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  • Hanging in Bill Clinton's campaign headquarters during his first run for President was a big sign that famously said It's the economy, stupid. Just in case some staffer got an idea that some other issue might be important.

    As the economy doesn't loom so large in the current race for President, if Mr. Clinton were running today (well, I guess he sort of is), the sign would say It's the anger, stupid.

    Nearly all the Republican candidates have already taken that to heart, it seems. The Democrats, well, just want to be nice. For their part, they do try to arouse political passions, but feel it would be beneath their dignity to dig into viscera. That's decent and principled of them, but it doesn't boost their press coverage.

    You have to admit that Donald Trump got a lot more mileage out of calling those who govern us "stupid" than he would from a position paper on government reform. He is hardly the first conservative candidate to middle-finger losers, but he has gotten away with it in spades, and so now most of his fellow wannabes are hot-buttoning the electorate's pent-up indignation, intolerance, ignorance, prejudice, and generalized fear of The Other.

    I'm not being a partisan here. I would likewise tar any Democrats I spotted using hate speech, but they are really hard to find. What aren't hard to find are press and media reports that regurgitate politicians' ill-tempered innuendos, distortions, non-sequiturs and lies with mock gravitas. That's more disturbing than listening to GOP contenders parrot one another's talking points. So maybe it's the media, stupid.

    When foul-mouthed Dick Nixon stalked the White House, he kept his highly seasoned epithets within his own circle, and the press hardly mentioned his vindictive streak until after high water broke over his presidency. Even hostile media outlets took care to call him "President Nixon" or "Mister Nixon," unlike they treat the current resident of the While House, who is often referred to as "Obama" or worse. As the media turns, so goes our veneer of respect for our leaders.

    In a country where everyone has the right, privilege, and plenty of reasons to be pissed off, you would think that we wouldn't need any ersatz outrages. But, as it is so much easier to point to a scapegoat than to fix a problem that may or may not exist, the temptation to conjure up meme-worthy perps is near irresistible to unprincipled pols, partisan pundits, and captive reporters. And so we are mongered defamatory sobriquets like welfare queens, Obamacare death panels, Sharia law, cop-killers, anchor babies, LGBT perverts, and effete abortion-loving, gun-confiscating liberals. We still burn witches, mostly in blogs now, but the stench of scorched flesh also wafts from prime time news. Seems that folks still can warm up to a good ole auto-da-fe.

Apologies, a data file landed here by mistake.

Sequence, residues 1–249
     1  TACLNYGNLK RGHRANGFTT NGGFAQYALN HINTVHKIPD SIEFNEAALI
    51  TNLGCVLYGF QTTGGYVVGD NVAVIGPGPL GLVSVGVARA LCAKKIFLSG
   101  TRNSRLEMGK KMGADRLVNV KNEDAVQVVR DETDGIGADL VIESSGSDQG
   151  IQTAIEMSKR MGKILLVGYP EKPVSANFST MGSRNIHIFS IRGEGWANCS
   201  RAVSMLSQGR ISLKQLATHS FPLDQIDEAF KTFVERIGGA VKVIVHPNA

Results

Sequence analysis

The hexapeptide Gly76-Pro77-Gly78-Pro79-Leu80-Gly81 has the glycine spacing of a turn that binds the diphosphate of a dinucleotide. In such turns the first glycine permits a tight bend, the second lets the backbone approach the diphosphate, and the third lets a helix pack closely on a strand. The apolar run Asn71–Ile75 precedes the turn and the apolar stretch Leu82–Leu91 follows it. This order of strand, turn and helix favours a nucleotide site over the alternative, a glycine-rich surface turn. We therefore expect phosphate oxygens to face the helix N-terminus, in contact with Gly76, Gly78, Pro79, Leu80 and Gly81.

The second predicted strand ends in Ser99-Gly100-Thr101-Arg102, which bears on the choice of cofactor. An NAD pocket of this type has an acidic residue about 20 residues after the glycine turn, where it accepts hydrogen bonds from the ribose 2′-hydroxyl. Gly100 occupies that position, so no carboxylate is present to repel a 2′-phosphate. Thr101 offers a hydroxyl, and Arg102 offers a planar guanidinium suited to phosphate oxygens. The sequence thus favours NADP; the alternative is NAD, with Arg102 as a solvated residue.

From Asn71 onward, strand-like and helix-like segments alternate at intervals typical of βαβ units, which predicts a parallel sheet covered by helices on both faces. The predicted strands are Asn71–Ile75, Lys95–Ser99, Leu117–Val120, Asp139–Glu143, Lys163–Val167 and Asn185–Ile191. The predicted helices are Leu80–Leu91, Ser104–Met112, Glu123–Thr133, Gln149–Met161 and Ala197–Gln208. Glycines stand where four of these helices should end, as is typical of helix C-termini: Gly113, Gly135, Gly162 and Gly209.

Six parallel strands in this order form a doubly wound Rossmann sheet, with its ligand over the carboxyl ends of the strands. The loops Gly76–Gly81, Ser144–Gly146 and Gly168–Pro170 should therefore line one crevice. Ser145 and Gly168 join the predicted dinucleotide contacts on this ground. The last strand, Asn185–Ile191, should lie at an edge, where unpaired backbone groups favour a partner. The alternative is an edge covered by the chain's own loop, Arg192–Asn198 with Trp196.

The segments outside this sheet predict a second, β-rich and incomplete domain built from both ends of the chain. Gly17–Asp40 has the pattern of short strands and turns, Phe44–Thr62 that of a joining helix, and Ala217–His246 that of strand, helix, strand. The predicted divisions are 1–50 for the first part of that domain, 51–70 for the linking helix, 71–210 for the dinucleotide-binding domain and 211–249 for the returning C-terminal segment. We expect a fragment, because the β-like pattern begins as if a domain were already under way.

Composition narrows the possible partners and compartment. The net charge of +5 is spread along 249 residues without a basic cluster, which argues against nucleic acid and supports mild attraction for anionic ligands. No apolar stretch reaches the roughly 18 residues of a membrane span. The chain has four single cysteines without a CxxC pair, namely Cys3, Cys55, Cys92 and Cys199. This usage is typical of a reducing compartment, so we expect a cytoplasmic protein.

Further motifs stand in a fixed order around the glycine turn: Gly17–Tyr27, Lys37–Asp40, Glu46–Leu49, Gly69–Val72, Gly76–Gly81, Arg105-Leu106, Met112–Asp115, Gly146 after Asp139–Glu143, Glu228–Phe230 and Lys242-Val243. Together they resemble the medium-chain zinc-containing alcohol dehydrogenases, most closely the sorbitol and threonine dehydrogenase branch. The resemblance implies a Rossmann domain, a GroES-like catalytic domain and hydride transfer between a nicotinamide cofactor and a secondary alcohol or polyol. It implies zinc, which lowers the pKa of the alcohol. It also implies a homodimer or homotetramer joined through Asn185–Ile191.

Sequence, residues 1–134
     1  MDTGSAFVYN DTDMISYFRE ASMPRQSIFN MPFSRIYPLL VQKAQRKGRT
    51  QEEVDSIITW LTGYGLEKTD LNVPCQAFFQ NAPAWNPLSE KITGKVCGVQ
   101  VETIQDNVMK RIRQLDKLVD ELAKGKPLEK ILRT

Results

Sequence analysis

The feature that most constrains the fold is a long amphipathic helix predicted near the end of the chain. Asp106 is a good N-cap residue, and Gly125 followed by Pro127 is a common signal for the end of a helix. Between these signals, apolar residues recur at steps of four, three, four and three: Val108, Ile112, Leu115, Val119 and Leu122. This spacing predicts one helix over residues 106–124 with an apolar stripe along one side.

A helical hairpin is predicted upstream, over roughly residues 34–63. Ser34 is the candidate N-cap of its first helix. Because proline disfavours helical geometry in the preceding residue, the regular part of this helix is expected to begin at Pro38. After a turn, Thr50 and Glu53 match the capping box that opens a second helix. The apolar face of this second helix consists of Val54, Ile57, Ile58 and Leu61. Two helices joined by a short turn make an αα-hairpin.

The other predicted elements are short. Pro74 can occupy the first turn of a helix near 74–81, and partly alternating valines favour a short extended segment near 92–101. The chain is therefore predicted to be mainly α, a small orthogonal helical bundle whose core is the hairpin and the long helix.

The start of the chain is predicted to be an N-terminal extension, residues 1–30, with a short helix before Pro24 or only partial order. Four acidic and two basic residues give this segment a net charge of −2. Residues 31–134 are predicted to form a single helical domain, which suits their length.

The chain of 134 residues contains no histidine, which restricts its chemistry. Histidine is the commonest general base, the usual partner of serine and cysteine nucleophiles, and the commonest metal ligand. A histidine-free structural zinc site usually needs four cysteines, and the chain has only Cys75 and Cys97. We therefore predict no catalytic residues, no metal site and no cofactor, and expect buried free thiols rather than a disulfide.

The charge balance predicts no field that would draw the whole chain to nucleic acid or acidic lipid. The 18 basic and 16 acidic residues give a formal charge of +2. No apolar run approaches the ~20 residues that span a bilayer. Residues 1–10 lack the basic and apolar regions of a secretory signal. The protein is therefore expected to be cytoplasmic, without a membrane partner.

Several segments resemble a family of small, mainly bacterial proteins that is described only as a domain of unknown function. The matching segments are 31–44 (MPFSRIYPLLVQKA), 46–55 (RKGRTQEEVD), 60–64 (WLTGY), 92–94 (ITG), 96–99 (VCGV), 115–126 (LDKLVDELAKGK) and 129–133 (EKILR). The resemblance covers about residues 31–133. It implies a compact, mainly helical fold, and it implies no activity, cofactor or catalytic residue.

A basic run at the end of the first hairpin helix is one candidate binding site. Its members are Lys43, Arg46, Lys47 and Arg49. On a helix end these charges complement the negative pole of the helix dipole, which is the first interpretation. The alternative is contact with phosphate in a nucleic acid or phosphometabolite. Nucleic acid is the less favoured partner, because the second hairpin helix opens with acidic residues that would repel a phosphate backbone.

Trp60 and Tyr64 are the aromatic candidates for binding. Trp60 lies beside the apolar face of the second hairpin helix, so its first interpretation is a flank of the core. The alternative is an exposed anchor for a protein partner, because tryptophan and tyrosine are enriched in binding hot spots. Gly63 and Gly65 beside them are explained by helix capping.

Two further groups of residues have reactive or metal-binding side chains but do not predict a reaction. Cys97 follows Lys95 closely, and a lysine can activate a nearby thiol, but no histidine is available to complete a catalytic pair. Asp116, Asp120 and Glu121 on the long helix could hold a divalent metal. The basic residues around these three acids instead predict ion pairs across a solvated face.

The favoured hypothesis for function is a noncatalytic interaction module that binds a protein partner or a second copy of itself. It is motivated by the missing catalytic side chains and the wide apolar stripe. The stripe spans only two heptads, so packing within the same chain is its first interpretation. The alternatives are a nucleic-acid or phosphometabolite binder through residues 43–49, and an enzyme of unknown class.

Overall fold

There's a lot of blame to go around for dumbing down political discourse, but I see the biggest pile of it near the right foot of the political establishment, on the leg that likes to knee the opposition, kick victims while they are down, and run away from responsibility. But pols couldn't get away with it had established media players not taught them that controversy sells air time, whipped-up crowds whip up ratings, tit for tat titillates, and overstating outrage can make almost any matter loom larger. News is a product, after all, and the last thing you want it to be is boring.

    As long as mega-corporations control national politics and the media, the dissembling and scapegoating won't stop unless enough of us throw open the windows of our minds and stop taking it. After that, let's close the windows on our screens and get out and talk to one another.
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